Scotch Sazerac – Recipe from David Embury’s ‘The Fine Art of Mixing Drinks’
Some lost or misguided soul with nothing better to occupy his dime has even devised the Scotch Sazerac but without the elaborate work involved m the original Sazerac. For whatever it may be worth (which is not much), here it is:
1 part Italian Vermouth
6 to 10 parts Scotch (according to taste)
1 dash Absinthe to each drink
Stir with large cubes of ice.
Embury is not a fan of the Sazerac, purely for marketing reasons I suspect and then has a rather coloured approach to anything remotely similar.
When the Sazerac started to spread outside of its New Orleans origins a lot of places marketed it the same was as a Zombie (although the Sazerac was definitely first, by a very long way), and limiting consumption per customer.
I suspect in the Sazerac’s case this was initially due to bad press seeping out of Europe as they got ready to ban Absinthe and all the evils associated with it.
Absinthe has had a bum rap ever since the 1800’s. sure it has a lot of booze inside (to stop the herbal oils making it go cloudy) but anything can make you drunk if you’re not careful about how much you drink, beer for example. And the FDA, as per usual managed to push this fear sky high based on some wonderful not facts.
About 120 years ago a Dr Magnan in France believed Absinthe was a major cause of decline of French culture and conducted experiments where he gave mice and dogs concentrated thujone and wormwood oil, decided they were hallucinating, and therefore if we drank absinthe we would hallucinate. As you can probably see from his scientific method there are a few rather large holes, but it’s this study which still makes people believe that absinthe makes you see things. Thujone is toxic if you consume enough of it, but that’s 30mg in one dose, which is how much you’d find in 3 litres of absinthe, and the thujone is just gives you tremors, tunnel vision and delayed action time, not the severe alcohol poisoning and almost instant death that consuming 3 litres of 68% alcohol would do.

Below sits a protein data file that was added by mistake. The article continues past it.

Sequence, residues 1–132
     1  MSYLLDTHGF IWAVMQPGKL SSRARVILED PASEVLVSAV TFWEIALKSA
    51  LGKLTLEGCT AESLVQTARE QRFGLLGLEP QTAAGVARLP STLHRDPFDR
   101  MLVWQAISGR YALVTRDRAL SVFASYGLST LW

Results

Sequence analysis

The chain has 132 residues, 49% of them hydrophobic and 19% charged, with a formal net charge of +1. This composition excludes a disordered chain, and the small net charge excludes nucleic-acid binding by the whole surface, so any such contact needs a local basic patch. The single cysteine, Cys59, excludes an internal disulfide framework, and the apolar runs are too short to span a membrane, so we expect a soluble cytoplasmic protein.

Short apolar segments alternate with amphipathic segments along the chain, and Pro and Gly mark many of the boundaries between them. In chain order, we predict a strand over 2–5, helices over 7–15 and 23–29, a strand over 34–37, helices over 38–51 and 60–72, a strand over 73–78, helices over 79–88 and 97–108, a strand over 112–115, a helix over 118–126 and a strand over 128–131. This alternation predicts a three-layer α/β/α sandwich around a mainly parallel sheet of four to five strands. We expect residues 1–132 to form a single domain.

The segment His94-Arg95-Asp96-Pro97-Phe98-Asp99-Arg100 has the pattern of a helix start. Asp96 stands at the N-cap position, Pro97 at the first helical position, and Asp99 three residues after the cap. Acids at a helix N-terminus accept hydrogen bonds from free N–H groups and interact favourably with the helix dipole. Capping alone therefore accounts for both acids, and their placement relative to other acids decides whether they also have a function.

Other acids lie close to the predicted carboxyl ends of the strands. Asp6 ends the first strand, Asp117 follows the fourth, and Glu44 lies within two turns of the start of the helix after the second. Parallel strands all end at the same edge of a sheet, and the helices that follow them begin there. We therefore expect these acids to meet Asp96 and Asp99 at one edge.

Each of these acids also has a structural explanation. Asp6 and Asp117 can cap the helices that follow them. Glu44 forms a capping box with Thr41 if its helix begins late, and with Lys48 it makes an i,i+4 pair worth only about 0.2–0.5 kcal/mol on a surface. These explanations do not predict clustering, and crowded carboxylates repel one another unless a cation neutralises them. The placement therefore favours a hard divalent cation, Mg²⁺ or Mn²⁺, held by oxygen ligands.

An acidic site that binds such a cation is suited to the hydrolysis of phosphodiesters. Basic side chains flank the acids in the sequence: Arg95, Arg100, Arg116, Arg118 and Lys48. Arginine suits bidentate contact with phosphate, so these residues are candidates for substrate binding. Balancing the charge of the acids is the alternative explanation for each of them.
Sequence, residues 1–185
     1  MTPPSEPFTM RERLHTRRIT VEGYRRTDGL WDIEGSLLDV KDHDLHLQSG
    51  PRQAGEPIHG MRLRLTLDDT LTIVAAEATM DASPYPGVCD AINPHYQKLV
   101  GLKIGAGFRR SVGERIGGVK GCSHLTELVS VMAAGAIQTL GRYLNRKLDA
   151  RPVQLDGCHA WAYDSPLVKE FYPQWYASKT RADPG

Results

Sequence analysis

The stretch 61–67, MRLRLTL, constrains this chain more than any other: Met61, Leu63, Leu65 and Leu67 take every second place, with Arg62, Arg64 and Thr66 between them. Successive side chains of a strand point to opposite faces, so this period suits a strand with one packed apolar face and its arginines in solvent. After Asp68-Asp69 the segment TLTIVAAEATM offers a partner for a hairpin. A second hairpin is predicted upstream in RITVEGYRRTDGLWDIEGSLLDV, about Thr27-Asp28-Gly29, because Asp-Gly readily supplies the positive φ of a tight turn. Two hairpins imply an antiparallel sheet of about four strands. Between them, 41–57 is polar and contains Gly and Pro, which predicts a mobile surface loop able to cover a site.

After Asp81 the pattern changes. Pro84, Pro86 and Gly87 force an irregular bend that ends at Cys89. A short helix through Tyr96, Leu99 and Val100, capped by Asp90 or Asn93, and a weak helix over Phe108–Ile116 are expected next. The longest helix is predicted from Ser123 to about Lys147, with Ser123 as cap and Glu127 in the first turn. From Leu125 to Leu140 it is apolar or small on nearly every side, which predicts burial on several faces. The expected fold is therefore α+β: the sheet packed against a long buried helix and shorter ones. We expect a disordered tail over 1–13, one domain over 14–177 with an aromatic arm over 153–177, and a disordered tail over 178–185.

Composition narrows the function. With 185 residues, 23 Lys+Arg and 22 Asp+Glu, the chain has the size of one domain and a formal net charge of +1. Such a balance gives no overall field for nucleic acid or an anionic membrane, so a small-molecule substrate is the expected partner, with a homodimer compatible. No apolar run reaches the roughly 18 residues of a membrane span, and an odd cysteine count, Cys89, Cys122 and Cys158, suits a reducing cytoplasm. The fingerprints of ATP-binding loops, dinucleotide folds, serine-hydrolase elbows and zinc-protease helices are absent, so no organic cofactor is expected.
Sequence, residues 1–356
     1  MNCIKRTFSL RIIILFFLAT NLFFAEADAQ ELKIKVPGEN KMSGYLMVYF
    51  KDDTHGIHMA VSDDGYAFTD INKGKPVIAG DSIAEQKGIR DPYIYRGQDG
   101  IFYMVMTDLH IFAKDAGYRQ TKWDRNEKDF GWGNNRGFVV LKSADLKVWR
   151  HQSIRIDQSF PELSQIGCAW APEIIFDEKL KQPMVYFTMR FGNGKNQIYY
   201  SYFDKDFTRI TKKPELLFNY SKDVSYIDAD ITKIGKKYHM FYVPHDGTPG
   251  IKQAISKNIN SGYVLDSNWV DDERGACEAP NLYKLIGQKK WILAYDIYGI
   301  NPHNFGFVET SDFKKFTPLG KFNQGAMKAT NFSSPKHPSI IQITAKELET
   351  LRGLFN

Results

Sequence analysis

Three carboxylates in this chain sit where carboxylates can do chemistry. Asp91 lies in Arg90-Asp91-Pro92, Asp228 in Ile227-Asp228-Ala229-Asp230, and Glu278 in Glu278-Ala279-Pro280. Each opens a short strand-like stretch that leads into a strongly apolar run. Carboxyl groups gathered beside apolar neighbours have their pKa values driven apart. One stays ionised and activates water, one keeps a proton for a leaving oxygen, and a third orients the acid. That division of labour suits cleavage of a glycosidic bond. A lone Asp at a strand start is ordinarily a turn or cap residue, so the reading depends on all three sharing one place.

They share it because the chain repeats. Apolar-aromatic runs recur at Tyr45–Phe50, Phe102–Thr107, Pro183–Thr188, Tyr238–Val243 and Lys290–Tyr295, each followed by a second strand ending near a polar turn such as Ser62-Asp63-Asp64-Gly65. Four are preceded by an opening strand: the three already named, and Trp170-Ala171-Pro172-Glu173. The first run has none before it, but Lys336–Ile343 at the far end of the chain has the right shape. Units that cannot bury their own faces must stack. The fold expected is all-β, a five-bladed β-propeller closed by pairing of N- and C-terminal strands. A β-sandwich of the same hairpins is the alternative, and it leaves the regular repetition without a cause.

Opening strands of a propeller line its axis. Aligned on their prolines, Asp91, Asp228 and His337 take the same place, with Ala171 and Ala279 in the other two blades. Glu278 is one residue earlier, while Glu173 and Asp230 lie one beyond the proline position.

Anyway, it was this that I’m guessing led to the ‘max 2 per customer’ line regarding the drink, and this that earned Embury’s ire.
The really sad thing is that this is a delicious drink, and well worth the time taken to make it, vermouth in a Sazerac is rare, and this recipe creates a very punchy fresh scotch Manhattan.
Happiness in a glass.